The construction of the book weaves logically into its organisation, reflecting the interdependency of the criminal justice system. Each chapter is broken into different subunits which typically fits logically into the topic of the chapter. Each chapter is composed of several defining parts showing the logical transition of event from one stage to the other. Within each chapter are plethora of citations from case laws, periodicals, books, statutes and online publications, and in some cases, the authors cited their personal experiences which give the book a touch of nowness and contemporary happenings in the society. The book is well researched and well referenced interfaced with personal experience in the field.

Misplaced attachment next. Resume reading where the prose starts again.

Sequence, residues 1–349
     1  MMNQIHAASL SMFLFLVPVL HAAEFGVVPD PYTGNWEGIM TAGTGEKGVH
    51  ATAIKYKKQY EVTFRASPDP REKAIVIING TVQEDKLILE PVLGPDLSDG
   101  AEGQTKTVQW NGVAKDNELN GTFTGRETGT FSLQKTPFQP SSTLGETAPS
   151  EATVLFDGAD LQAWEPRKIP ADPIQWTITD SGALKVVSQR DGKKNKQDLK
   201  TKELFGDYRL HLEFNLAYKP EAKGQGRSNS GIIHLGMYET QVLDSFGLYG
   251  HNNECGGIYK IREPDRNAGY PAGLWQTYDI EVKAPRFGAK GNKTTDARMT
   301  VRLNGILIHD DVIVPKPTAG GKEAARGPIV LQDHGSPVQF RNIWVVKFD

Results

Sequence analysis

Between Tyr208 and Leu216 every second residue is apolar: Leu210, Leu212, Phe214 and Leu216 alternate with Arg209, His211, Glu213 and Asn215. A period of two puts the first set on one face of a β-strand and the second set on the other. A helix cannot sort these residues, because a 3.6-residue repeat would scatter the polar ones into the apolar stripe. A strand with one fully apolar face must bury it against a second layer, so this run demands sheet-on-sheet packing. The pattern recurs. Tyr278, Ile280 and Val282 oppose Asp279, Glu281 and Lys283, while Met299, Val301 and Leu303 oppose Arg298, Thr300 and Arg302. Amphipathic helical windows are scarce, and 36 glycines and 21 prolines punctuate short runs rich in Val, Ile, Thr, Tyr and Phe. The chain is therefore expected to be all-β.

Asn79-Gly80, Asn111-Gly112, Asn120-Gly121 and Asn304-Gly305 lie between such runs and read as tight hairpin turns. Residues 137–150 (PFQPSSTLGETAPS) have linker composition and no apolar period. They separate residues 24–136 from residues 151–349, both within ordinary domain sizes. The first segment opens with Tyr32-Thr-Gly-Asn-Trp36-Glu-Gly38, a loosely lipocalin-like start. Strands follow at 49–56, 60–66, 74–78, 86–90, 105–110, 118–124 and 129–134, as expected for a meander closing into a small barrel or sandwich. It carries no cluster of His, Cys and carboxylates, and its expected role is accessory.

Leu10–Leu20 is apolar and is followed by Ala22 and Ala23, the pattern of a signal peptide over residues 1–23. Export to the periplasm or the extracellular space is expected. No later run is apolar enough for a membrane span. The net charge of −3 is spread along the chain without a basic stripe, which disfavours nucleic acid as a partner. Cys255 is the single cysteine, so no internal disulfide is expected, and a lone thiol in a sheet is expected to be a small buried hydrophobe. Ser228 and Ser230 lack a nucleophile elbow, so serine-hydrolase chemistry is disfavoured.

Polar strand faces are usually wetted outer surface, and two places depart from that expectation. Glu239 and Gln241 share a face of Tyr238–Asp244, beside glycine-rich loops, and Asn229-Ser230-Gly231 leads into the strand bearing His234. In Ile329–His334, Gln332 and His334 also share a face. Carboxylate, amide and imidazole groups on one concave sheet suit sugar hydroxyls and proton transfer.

The authors present a broad analysis of the trend in criminal justice system which is offender centred. Victim of crime and the criminal justice system view of the justice sector development shows wide disparity between the rights due to victims in the statute book and the rights the victim actually enjoyed in real sense. Victim of crime should be given equal attention that the law accords the perpetrator of crime. The book notes that, although crime occurs because individual creates opportunity for it, but state owes the citizens the obligation to ensure their safety and security. And failure of state to provide security makes citizens vulnerable, and the state liable to restore victim of crime to pre-victimization stage.